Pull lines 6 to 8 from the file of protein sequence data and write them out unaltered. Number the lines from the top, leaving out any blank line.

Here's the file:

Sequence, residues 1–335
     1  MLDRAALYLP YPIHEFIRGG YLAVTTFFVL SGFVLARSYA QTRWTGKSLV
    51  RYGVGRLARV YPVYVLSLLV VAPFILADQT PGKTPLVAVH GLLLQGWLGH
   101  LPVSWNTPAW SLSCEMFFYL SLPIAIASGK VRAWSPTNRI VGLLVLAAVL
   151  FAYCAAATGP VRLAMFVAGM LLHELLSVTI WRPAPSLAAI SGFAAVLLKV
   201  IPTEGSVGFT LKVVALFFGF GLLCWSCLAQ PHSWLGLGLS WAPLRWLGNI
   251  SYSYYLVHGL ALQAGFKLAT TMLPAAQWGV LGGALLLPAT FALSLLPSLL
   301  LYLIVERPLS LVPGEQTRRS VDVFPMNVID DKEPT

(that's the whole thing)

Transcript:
   201  IPTEGSVGFT LKVVALFFGF GLLCWSCLAQ PHSWLGLGLS WAPLRWLGNI
   251  SYSYYLVHGL ALQAGFKLAT TMLPAAQWGV LGGALLLPAT FALSLLPSLL
   301  LYLIVERPLS LVPGEQTRRS VDVFPMNVID DKEPT